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About the Author: Hugh Carpenter, one of America's most popular cooking instructors and writers, teaches at cooking schools throughout North America and at his own school in California's Napa Valley. Teri Sandison is one of the country's best known food photographers. This husband-and-wife team lives in the Napa Valley community of Oakville, California.
Woks are practical, simple, cooking vessels used in China for thousands of years to create a vast range of superb recipes. Compared to frying pans, the sloping, concave sides of a wok require less cooking oil. When given a swish, stir-fry food falls to the lower, hottest part of the wok for quick, even cooking that is difficult to duplicate in other pans. If you lack the type of wok recommended here, choose a heavy, fourteen-inch cast-iron skillet to re-create Wok Fast recipes rather than a poorly designed wok.
Buy the heaviest, fourteen- or sixteen-inch flat-bottom wok you can find, with one long handle and a short second handle on the opposite edge. The best are the heavy steel woks made by Calphalon (about 3 1/2 pounds) and those available at Asian markets and many cookware shops. Other woks that work well are stainless-steel, nonstick, and copper, which are available at gourmet cookware shops. Avoid electric woks, since these never generate the high heat necessary to properly sear ingredients. In addition, avoid woks that have just two short handles (the hand that stabilizes the wok during stir-frying will likely burn) or woks with just one handle (the weight and awkward shape of the pan makes it impossible to slide the food easily out of the wok). Lastly, never buy a miniature wok. These tiny woks, measuring eight to twelve inches in diameter, do not have enough surface area to maintain proper heat, even when cooking small quantities.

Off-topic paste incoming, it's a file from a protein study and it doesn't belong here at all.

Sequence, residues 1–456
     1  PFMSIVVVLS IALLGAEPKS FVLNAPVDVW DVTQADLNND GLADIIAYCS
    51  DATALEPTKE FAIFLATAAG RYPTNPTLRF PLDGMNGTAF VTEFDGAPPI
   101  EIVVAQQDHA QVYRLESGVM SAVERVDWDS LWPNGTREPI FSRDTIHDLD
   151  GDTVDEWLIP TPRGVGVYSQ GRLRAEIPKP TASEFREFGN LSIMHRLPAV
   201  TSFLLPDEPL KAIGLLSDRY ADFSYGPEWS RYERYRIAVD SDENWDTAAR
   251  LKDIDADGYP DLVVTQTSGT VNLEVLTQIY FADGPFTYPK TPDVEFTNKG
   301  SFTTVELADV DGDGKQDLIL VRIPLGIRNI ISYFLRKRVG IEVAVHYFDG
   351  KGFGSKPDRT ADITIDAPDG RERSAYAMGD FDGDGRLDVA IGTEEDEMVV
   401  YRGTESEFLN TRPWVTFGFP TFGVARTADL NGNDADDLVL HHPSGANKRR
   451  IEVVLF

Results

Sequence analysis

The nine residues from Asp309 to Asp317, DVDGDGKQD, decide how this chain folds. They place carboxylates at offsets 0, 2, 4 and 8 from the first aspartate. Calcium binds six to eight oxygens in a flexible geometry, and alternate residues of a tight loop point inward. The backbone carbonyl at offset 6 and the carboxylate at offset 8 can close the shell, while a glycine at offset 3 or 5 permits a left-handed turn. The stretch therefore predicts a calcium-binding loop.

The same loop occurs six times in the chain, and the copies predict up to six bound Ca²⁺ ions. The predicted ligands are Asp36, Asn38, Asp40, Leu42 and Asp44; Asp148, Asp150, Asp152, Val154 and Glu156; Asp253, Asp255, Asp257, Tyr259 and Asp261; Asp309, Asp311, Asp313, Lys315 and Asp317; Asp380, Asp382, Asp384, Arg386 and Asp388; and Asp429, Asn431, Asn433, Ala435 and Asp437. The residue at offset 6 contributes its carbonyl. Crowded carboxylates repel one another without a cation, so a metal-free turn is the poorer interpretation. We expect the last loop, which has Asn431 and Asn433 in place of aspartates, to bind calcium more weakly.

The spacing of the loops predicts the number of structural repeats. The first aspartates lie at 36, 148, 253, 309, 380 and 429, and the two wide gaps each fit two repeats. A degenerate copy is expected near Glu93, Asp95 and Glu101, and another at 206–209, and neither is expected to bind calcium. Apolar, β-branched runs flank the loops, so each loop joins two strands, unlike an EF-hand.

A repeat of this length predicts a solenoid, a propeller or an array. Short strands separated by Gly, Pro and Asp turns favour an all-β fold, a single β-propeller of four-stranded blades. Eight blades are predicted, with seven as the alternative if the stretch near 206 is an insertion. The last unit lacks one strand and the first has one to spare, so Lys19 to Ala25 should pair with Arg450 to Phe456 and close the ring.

Whether stir-frying on a gas or electric stove, always use a flat-bottom wok. Because a larger amount of the pan comes intocontact with the gas or electric heat than in a round-bottom wok, the food cooks more quickly and tastes far superior.
SEASONING, CLEANING, AND STORING YOUR WOK
Calphalon and heavy steel (sometimes called spun steel) woks require a preliminary seasoning.
Seasoning the Wok:
1. Scrub the new wok thoroughly inside and out with hot soapy water. Dry the wok completely.
2. Place the wok over the highest heat. When the wok is hot to the touch, add 1/4 cup cooking oil (peanut, safflower, or soybean oil) to the center.
3. Keep the wok in contact with the high heat. Slowly roll the oil around the sides of the wok. Use a crumpled paper towel held with tongs to make sure every part of the inside surface is coated with oil. Continue rolling the oil around the inside of the wok until it begins to smoke. The inside bottom of a steel wok will pick up a slight blue tint.
4. Remove the wok from the heat. Let it cool completely, then wipe the oil from the wok. With repeated use, the seasoning gradually acquires a beautiful black nonstick luster. It is this black seasoning that contributes a special wok flavor to wok-made dishes.
Cleaning the Wok:
Provided no one scrubs the seasoning off, and the wok is only used for stir-frying, the wok never needs to be seasoned again. To clean the wok, place it in a sink and fill with hot water. After a few minutes, or after the meal, use hot water, a very small amount of dish soap, and a soft sponge to rub off all food particles sticking to the sides. Never scrub the wok with an abrasive pad, since this quickly strips off the seasoning.
Storing the Wok:
Dry the wok over medium heat, then store it in a dependably dry place. Do not oil the inside surface before storage, since this oil eventually turns into a rancid, sticky layer that must be scrubbed off before using the wok for the next stir-fry dish.
Vegetable Cutting Techniques
Don't get trapped by classic Chinese wok theory! According to ancient wok wizards, everything in a dish should be cut to the same shape and size. Food prepared this way does indeed look beautiful but the practice can cause amazingly compulsive cutting techniques. We often combine different-shaped ingredients in the same dish simply to speed preparation.